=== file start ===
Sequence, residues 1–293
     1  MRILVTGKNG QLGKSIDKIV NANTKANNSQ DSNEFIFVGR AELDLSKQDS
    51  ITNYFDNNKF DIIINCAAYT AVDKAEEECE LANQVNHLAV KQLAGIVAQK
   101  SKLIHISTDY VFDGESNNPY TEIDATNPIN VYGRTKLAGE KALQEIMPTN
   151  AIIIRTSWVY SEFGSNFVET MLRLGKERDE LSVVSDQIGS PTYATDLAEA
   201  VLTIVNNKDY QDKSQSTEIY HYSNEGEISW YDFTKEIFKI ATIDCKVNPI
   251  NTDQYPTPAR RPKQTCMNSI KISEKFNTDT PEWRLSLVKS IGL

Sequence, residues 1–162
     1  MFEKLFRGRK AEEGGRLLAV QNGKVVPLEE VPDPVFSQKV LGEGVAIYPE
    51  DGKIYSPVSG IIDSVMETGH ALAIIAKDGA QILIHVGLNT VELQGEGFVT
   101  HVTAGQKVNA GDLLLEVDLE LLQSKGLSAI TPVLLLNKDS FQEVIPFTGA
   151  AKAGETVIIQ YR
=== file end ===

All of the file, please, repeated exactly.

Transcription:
Sequence, residues 1–293
     1  MRILVTGKNG QLGKSIDKIV NANTKANNSQ DSNEFIFVGR AELDLSKQDS
    51  ITNYFDNNKF DIIINCAAYT AVDKAEEECE LANQVNHLAV KQLAGIVAQK
   101  SKLIHISTDY VFDGESNNPY TEIDATNPIN VYGRTKLAGE KALQEIMPTN
   151  AIIIRTSWVY SEFGSNFVET MLRLGKERDE LSVVSDQIGS PTYATDLAEA
   201  VLTIVNNKDY QDKSQSTEIY HYSNEGEISW YDFTKEIFKI ATIDCKVNPI
   251  NTDQYPTPAR RPKQTCMNSI KISEKFNTDT PEWRLSLVKS IGL

Sequence, residues 1–162
     1  MFEKLFRGRK AEEGGRLLAV QNGKVVPLEE VPDPVFSQKV LGEGVAIYPE
    51  DGKIYSPVSG IIDSVMETGH ALAIIAKDGA QILIHVGLNT VELQGEGFVT
   101  HVTAGQKVNA GDLLLEVDLE LLQSKGLSAI TPVLLLNKDS FQEVIPFTGA
   151  AKAGETVIIQ YR